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How Hospital Environments Affect Patient Satisfaction Levels

To improve patient satisfaction, hospitals should improve personal patient relationships, hospital policies affecting patients, and the environment in which patients receive care.

Hospitals should take a three-pronged approach to improve patient satisfaction and patient experience, according to the American Hospital Association (AHA).

In a new publication, Improving the Patient Experience through the Healthcare Physical Environment, AHA presents its people, process, and place theory with regard to improving patient satisfaction on a holistic level, which entails improving the interpersonal connections between hospital staffs and patients, the policies and procedures in the hospital, and the environment of the hospital.

Understanding how these factors relate to patient satisfaction is important, the organizations explains. The healthcare industry is quickly transitioning to patient-centered models, and satisfaction measures like the Hospital Consumer Assessment of Healthcare Providers and Systems (HCAHPS) survey are influencing value-based payment models and hospital reputations.

“Hospitals and health systems are working to improve patient scores measured through the Hospital Consumer Assessment of Healthcare Providers and Systems (HCAHPS) survey,” AHA explains. “By using the ‘people, process, place’ model outlined in this guide, hospital and health system leaders can identify the many complex variables that affect the patient experience.”

These three components are interdependent, AHA says. Without strong patient-provider relationships, it does not matter if the hospital has good procedure and a comforting environment. As such, hospital leaders and workers must recognize strategies to improve in all three areas and understand how each of the three areas affects the others.

Below is a breakdown of AHA’s people, process, and place theory, detailing how hospitals can improve its overall environment to boost patient satisfaction:


The main tenant of the people aspect of patient satisfaction is strong bedside manner and interpersonal skills. While physicians and other healthcare providers have repeatedly heard about the importance of good patient-provider communication and physician empathy, AHA says strong interpersonal skills on the part of hospital staffers is also important.

“Hospitals and health systems that are involving all staff in patient experience improvement efforts—including facility professionals—are trying different approaches,” AHA notes. “Some facility professionals, for example, are making rounds to patient rooms asking if patients are comfortable and if there is anything they need.”

Involving facility professionals requires a hospitality mindset where staff are primarily concerned with the comfort and needs of the consumer. By asking about room temperature or how the patient is feeling, staff can help boost the overall patient impression.


Hospital processes and policies are vital to satisfaction because of the indirect effects they can have on patients. Policies about paging physicians and nurses or where cell phones can be used affect the noise level of the hospital, for example, and therefore affects the comfort of the patient.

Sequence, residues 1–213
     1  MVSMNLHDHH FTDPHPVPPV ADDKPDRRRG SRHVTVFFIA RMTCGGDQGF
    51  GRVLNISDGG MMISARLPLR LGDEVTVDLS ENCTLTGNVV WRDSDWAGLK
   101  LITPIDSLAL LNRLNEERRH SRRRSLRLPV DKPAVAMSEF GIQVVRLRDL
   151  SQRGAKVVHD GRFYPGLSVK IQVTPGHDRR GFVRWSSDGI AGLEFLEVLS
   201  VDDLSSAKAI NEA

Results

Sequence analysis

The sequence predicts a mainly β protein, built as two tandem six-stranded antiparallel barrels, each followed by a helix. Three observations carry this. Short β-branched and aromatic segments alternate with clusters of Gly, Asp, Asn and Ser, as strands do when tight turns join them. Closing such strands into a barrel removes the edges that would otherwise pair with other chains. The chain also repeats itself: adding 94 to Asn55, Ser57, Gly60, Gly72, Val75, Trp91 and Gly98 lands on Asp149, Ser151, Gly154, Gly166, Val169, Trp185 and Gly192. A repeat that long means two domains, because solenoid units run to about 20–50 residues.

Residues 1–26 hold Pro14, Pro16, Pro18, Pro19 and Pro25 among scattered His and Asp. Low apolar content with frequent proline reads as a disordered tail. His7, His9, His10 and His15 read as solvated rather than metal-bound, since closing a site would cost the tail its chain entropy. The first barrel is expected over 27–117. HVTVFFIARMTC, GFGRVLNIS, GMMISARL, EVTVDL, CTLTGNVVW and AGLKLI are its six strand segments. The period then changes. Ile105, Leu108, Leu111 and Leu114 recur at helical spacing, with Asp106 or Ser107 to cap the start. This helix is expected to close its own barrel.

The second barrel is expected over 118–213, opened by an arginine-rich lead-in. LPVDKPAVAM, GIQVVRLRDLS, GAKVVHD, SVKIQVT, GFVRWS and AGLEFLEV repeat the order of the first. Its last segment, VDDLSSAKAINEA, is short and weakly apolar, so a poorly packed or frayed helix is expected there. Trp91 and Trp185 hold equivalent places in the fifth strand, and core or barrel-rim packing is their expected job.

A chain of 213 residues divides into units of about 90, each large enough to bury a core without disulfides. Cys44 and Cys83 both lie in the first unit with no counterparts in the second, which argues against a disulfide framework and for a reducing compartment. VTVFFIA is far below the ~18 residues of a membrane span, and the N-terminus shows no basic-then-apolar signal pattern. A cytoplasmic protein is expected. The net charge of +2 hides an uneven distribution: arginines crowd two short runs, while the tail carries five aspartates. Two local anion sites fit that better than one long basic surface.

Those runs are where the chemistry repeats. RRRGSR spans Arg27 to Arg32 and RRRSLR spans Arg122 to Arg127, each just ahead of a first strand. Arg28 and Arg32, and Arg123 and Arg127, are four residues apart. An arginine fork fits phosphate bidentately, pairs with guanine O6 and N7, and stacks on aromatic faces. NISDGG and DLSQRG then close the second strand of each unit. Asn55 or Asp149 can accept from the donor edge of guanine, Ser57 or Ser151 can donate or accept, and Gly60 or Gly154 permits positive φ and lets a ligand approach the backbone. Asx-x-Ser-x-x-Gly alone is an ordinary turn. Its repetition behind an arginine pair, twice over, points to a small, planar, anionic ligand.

“Hospitals and health systems are complex organizations with many policies and processes that affect patients directly,” AHA states.

Implementing easy-to-fix policies such as better room temperature controls can make a significant difference in patient comfort, thus also raising their satisfaction.


Place, or the physical environment of a hospital, is the third component to AHA’s patient satisfaction approach. Creating a comfortable place for patients to get well again is integral in ensuring that they will leave the hospital with a positive outlook.

“Research on how the physical environment affects health outcomes began in the 1980s. More than 600 studies have linked the hospital-built environment to factors such as patient satisfaction, stress, health outcomes and overall health care quality,” AHA explained.

Overarching factors in hospital environment include noise levels, patient and pain management, and environmental factors inhibiting or facilitating communication.

These factors all tie together, AHA maintains. When an environment is too noisy, patients may have a hard time getting sleep or being comfortable, inhibiting their abilities to recover. This may also limit communication.

The organization also touches upon the organization and cleanliness of the hospital. Easy-to-navigate hospital layouts are crucial for keeping patients comfortable and at ease during their stay, and cleanliness creates a calmer atmosphere.

While it may be difficult to boil down patient satisfaction to an exact science, AHA says providers can focus on these three overlapping factors to create an overall boost in patient experience. Taking this holistic approach helps mitigate different problems which may be interrelated.

“To help improve patient satisfaction, hospital and health system leaders should ensure they are taking a holistic, team approach that uses their organization’s available resources—including the health care physical environment and the professionals who manage those spaces,” AHA concludes.

“By considering the people, processes and places that affect the patient experience, health care leaders can help their organizations meet important patient satisfaction goals.”


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